Can Corbyn sustain Labour’s revival in Scotland?
Jeremy Corbyn is campaigning in a number of ‘winnable’ Scottish seats this week; despite the party exceeding expectations at the general election, the jury is still out on whether the party is on course for a return to its past dominance.
When Jeremy Corbyn was elected Labour leader in September 2015, the view from Scotland was, as it so often is, split down the middle.
There were those who thought he was the left-wing panacea the party needed to reawaken its lost support, versus those, myself included, who thought his lack of a strong position on independence would render his impact insignificant among voters.
Two years and a general election on, we can begin to make some assessment of his impact, albeit with the caveat that the cause of impact elsewhere, not least in the leadership of the Scottish party under Kezia Dugdale.
In the positive column for the party was the unexpected gain of six seats in Scotland, putting them firmly back on the electoral map and stemming the ongoing loss of support at all elections since 2010.
Just as is evident in England, it is clear that this uptick in support came as a direct result of the election campaign and the policies which the party offered. In one poll, just before the election was called, the party was registering a paltry 13% support, a result which would have seen the party even lose its solo Edinburgh South victory in 2015.
So, against the doom and gloom which dominated the party as the election campaign began, achieving 27% of the vote share and seven seats is rightly seen as a triumph.
But there are reasons to be cautious over whether this represents the start of a more sustained fightback.
The first and most obvious point to make is that the party’s vote share only increased by 2.8 points form 2015, compared to the 10.3 points the party gained in England over the same period. The result certainly does not herald a return to the party’s preeminent status in Scotland.
Further, a closer look at the six new seats the party won reveals that, in most cases, it was a significant swing from the SNP to the Conservatives that allowed Labour to come through to win
How Labour’s six new Scottish seats were won
So, to some extent, Labour’s success in Scotland can be attributed to the performance of the Tories.
And the party faces other public opinion challenges. The extent to which Corbyn-mania is sweeping over Hadrian’s Wall is not clear. Even directly before the election, his personal ratings among Scottish voters were far from emphatic; YouGov recorded that 47% thought he was performing ‘badly’ (compared to 42% who said he was doing ‘well’) while Ipsos MORI reported 50% being ‘dissatisfied’ with Corbyn, compared to 37% who were ‘satisfied.’ Further, Ipsos MORI’s poll just before the election showed that fewer Scots (40%) saw Corbyn as a more capable PM than Theresa May (42%).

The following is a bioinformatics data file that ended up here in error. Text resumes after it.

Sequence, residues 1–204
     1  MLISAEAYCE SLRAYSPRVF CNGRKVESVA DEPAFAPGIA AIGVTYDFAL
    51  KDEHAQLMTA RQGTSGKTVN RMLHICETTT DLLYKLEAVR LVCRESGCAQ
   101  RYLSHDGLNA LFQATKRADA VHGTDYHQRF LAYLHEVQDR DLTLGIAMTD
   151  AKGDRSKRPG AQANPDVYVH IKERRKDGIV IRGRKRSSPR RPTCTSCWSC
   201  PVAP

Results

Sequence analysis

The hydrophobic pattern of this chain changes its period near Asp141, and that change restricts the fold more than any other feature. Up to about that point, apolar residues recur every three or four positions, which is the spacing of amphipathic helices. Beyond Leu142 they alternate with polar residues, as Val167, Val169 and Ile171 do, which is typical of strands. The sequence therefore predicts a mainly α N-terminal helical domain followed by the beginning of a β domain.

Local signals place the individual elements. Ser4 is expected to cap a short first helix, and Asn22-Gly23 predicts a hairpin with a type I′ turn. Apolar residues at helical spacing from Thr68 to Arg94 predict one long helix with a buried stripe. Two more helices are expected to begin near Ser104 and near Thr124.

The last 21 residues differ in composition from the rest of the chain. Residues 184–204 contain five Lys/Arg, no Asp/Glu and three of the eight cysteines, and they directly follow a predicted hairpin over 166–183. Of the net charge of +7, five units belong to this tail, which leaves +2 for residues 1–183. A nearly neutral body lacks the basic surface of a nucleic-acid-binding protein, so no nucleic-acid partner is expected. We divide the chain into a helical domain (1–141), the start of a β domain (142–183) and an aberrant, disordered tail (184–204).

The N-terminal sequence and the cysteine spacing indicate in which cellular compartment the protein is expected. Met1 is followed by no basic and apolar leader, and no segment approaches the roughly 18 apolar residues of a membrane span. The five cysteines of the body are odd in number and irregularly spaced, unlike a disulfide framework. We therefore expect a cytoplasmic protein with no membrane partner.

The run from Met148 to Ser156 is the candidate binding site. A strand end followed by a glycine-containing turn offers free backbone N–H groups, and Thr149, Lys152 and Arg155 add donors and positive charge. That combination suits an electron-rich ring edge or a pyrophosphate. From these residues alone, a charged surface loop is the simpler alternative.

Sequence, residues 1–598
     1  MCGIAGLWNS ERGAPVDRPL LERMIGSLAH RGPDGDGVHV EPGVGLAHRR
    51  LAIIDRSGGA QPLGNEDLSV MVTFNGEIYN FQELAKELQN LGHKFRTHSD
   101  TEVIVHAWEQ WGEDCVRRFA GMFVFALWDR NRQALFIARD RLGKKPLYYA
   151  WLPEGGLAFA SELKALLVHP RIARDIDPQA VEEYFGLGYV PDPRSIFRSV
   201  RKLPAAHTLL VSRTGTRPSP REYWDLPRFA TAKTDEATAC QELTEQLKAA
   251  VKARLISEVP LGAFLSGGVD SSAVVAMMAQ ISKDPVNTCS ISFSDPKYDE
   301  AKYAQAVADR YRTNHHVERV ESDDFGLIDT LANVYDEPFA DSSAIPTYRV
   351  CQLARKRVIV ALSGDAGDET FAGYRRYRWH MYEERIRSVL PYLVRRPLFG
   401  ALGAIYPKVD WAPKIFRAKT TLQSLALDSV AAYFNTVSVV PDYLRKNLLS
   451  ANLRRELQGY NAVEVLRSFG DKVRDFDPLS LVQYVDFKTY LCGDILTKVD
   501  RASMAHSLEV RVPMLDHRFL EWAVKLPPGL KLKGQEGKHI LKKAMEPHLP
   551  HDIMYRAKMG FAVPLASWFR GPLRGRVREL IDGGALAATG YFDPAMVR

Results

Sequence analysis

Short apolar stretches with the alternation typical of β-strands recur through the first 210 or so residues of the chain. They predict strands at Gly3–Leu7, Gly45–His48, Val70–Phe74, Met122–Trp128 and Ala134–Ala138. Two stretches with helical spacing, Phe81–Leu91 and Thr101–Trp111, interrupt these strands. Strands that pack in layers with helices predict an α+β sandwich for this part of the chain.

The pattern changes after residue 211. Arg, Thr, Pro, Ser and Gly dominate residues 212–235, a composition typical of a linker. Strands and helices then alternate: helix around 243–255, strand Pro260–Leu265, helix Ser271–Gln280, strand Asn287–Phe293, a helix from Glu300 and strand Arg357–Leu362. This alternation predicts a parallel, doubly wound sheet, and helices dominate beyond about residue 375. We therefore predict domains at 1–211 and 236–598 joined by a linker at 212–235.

Of course, these represent vast improvements on the ratings Corbyn received when he was first elected, but they do highlight the reality check needed in some circles.
When it looked like we were heading back to the polls for a second independence referendum, Corbyn’s inconsistent messaging on the issue was seen as a drag on the party’s support. As the prospect of another vote continue to diminish, there may be a window of opportunity for the party to garner support through a radical domestic agenda.
And it is clear from the polls that the party’s uptick in support went hand in hand with greater perceived policy competence on the key devolved issues. According to Ipsos MORI, a third of Scots now see Labour as having the best policies for the NHS (up from 18% in 2015 and level pegging with the SNP), while 25% see the party as having the best education policies (up from 18% in 2015).
The party has recovered in Scotland and Corbyn must take some credit for that. However, a more detailed look at election results and polling data make that revival appear tenuous so far. Add in the challenges of managing the UK-Scottish party relationship, Brexit policy and the ongoing constitutional debate and it is clear that another reversal in fortune could be as likely as continued revival.
A summary of this article first appeared in The Times on August 26th 2017